Mid way through the trip we waved goodbye to Hugh, JonJon and Olie and by ‘waved goodbye’ I mean to say that we went to get waves while they said goodbye. The departure of the trio was poor timing as the following morning the wind and swell were forecast to arrive in earnest. Fortunately it’s easier to fit four in a barrel than it is to fit seven. The gloating four ended up feeling not so swell as they discovered kiting waves on Uist works in almost any conditions with the exception of a strong SE wind coupled with a westerly swell. Which is of course exactly what arrived. We met up with Paul, one of the two local surfers who gave us some good inside knowledge on where to find the best waves. Tim and Gid scored a few good waves without kites while Ali and Ben got the OS maps out to find a location that might work with kites. North Uist would offer ample spots to kite waves with a more northerly swell, unfortunately for us the swell swung south. The coast of Baleshare provided some good head high walls but a SE blows perfectly cross shore making riding down the line a little tricky.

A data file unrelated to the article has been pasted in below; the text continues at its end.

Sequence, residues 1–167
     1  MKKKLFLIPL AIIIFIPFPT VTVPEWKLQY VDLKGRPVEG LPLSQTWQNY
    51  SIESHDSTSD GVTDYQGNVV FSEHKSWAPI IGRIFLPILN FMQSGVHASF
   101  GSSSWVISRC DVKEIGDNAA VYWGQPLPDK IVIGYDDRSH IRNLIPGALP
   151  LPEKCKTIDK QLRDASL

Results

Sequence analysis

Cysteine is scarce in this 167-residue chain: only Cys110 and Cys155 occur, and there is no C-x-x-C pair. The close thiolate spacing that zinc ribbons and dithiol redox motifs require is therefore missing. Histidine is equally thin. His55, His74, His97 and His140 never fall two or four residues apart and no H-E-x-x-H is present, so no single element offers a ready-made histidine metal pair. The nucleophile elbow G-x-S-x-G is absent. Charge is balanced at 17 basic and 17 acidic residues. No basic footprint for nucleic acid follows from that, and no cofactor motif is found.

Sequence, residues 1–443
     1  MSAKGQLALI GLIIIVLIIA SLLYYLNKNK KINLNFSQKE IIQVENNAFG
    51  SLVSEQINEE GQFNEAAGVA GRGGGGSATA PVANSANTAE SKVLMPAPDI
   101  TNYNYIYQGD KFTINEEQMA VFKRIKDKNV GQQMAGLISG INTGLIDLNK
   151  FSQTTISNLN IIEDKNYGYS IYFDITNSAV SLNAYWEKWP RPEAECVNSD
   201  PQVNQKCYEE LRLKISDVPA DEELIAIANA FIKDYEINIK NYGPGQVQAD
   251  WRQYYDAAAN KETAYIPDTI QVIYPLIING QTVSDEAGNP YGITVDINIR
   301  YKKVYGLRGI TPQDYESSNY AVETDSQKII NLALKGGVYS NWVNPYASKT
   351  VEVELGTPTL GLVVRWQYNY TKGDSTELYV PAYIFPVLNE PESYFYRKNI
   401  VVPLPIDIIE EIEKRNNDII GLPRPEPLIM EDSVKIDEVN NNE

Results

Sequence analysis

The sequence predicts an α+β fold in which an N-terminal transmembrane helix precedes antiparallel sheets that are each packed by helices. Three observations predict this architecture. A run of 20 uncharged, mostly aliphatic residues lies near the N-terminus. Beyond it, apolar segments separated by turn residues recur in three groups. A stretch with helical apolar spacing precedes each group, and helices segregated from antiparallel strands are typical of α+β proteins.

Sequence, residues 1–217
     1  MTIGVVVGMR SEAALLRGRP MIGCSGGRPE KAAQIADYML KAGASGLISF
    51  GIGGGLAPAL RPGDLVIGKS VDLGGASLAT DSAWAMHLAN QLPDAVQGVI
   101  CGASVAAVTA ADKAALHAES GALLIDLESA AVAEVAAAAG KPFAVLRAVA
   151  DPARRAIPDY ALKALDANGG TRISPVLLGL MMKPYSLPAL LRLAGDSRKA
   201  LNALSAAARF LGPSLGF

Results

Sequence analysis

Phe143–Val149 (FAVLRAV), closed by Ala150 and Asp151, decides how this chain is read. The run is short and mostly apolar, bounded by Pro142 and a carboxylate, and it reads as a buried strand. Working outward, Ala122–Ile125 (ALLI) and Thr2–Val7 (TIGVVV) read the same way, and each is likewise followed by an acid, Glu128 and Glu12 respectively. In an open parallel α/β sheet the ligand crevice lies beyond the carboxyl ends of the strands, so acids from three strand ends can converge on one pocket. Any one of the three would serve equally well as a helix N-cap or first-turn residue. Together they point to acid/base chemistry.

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If waves aren’t your thing then Uist excels in any wind direction. It’s consistently the windiest location in the UK and flat (and sometimes fresh) water can be found everywhere. A note of caution, some of the inland fresh water lochs contain nasty black rocks hidden inches below the surface. Google maps satellite view is a great way to find the ones with sandy bottom surfaces.

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If you want to go on on holiday and maximise your chances of riding in a given spot in board shorts for a week, then Uist is not the place for you. However, if you started kitesurfing for the sense of adventure and you still have a passion for finding your own way in the sport, Uist lets you do it for a week or a month, or, if you don’t mind your own company perhaps even longer. Say hi to Willie for us if you go!